When it comes to water, the warning signs are all around us. California’s drought, hauntingly akin to the Dust Bowl of the 1930s, presents a menu of unappetizing choices for the future.
The nursery industry is utterly dependent on water availability. If you want a silver lining to that, the lack of water would “solve” some of our most serious problems. We wouldn’t need to worry about workers, transportation, or protection from pest and diseases, because there’d be no point.
As we enter the summer months, many states may find themselves in crisis. How we deal with it — and whether we put aside past policy differences with other users — will determine whether we survive or perish. And that’s not a statement designed to rile an industry into action. It’s the simple truth.
Water nightmares becoming a reality
At a recent national nursery executive conference, John Farner from the Irrigation Association put the water issue front and center. He explained that California, a behemoth among states, is not the only place affected by drought. Snowpack and water supply are now becoming critical throughout the West, impacting Texas, Oregon, Colorado and Arizona.
In October 2014, western nursery associations and nationally renowned experts examined the water crisis. As the climate changes, no corner of the country will escape dealing with this issue.
The root cause of the California crisis is not blindness to reservoirs and aquifers drying up, nor the cold reality of mandatory 25 percent cutbacks on water use. Rather, it is the “blame game” that is to blame. It’s a systemic issue. Cities blame agriculture. Farmers blame environmentalists. Environmentalists use a court system to further complicate convoluted water systems and intractable water politics. Coupled with institutional conflict is the fact that California is suffering its worst drought in history. When precipitation falls as rain and not snow, it has serious consequences for farms, fish and families.
When things are functioning normally, winter snowpacks serve as a frozen reservoir. With the Sierra Nevada range at a mere 6 percent of normal snowpack, some 41 percent of California farms will encounter deep cuts to their water supplies this year. An estimated 620,000 acres will probably go fallow, causing economic losses of over $5 billion. This sets the stage for a fierce battle between cities, farmers and conservation groups.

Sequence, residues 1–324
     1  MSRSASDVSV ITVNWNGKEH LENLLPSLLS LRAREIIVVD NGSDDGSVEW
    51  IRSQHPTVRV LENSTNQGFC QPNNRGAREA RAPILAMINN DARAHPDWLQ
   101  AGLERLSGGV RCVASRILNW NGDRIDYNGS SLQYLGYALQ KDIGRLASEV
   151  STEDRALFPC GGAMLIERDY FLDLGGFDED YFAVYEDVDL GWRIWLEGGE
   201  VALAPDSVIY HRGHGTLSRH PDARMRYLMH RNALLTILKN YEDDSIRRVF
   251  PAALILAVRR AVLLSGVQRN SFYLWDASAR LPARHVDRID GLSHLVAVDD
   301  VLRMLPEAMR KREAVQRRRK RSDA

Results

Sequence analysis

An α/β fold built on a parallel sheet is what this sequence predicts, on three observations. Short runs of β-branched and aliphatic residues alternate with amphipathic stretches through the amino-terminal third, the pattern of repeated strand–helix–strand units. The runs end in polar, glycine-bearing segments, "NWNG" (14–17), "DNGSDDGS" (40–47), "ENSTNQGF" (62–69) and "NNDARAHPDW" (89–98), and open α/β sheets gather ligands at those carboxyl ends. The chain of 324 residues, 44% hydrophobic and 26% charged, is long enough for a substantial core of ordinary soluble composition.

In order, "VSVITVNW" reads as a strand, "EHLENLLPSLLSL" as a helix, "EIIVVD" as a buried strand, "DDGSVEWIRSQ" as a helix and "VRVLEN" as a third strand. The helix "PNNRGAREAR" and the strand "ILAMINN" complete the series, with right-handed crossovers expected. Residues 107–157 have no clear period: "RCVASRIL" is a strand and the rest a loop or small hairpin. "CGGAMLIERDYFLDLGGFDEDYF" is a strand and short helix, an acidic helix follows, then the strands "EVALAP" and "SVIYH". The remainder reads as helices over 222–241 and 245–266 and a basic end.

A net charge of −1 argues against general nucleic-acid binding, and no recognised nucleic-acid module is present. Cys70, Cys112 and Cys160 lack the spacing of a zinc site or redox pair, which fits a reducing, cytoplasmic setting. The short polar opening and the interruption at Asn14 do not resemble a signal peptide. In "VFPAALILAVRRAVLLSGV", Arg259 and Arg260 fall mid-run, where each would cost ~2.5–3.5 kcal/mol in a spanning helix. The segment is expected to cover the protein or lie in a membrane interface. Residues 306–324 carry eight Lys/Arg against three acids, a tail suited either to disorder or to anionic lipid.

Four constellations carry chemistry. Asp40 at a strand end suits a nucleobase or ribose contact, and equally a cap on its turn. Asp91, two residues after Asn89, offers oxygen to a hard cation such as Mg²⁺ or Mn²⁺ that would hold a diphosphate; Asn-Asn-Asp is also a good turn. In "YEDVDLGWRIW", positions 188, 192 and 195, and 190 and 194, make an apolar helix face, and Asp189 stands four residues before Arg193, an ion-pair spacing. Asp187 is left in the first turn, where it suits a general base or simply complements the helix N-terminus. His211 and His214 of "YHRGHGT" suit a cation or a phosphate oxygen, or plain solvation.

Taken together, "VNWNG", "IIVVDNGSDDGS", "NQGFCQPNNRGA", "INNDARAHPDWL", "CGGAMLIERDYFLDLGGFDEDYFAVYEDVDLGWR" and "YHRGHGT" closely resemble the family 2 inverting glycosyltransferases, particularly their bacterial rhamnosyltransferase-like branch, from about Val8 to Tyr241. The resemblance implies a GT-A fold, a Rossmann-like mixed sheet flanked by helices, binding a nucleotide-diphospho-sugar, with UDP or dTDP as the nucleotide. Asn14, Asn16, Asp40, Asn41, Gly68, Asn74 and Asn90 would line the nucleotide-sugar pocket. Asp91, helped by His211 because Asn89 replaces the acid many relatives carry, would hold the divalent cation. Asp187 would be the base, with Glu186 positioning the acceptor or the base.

With the fertile climate of the Pacific Northwest, you would think Oregon would be different. Sadly, no. For the second consecutive year, Oregon’s mountains have record-low snowpack — less than 10 percent of normal, according to the latest snow survey data from the USDA Natural Resources Conservation Service.
History has shown that climate conditions can create mega-droughts lasting decades. That should get our attention.
The last big environmental disaster
Timothy Egan’s “The Worst Hard Time” chronicles the farm community around the Oklahoma and Texas panhandles in the Great Depression era of the 1930s. Farm practices, rampant and migratory growth of cities, and a severe drought hit this region with fierce consequences. Ten-thousand-foot-high dust storms whipped across one of the richest ecosystems in the nation and left in its destructive path choking people and animals — 4.7 tons of dust per acre dropped in Kansas alone between March and April 1935. Fifty-mile-per-hour walls of dust blasted paint off buildings; crushed trees, and drifted into 50-foot dunes. The climate change invited tsunamis of grasshoppers, laying waste to anything that drought, hail and tornadoes had spared.
It was not until the dust storms crept their way into the U.S. Capitol that newly-elected President Franklin Delano Roosevelt dispatched resources. During 1933–36, the federal government spent $500 million (approximately $8.5 billion in 2014 dollars) to rotate crops, take some land out of production, and install irrigation ponds, holding tanks and plant material to hold the soil.
In 1933, FDR and Interior Secretary Harold Ickes established the Soil Erosion Service, led by agronomist Hugh Hammond Bennett. It was renamed the Soil Conservation Service in 1935. Now known as the Natural Resources Conservation Service (NRCS), it is the only New Deal grassroots operation that survives to this day.
But these helpful actions in the Great Plains in the 1930s, as well as the money being thrown at the water problem in California today, still only masked a lack of forward thinking and foresight. In both cases, action waited until the situation was impossibly critical.
A zero sum game hurts everyone
The Freshwater Trust, a conservation group that has a long history of habitat and river restoration, has stated that the planet has all the water it is ever going to have. The issue is how to harness those resources and get them where we need them.
Seems rational. Right? But in the murky depths of water policy and politics, a zero sum game is being pursued. Winners and losers. Good and evil.
Our association is not sitting on the sidelines, waiting to react when things get much worse. Instead, OAN is leading an effort to get municipalities, conservation and agricultural groups to the table at the state level and mutually solve problems now, not fight wars against each other later. We encourage national groups to follow our lead.
Yes, we can be the state “drought team.” We can advocate for water storage, conservation and water quality funding. And our industry can be a leader in water reuse. We do, and we are, all of those things, but it won’t be enough to save us. The measure of our success will be in how we prevent the water war and make sure that everyone can win.
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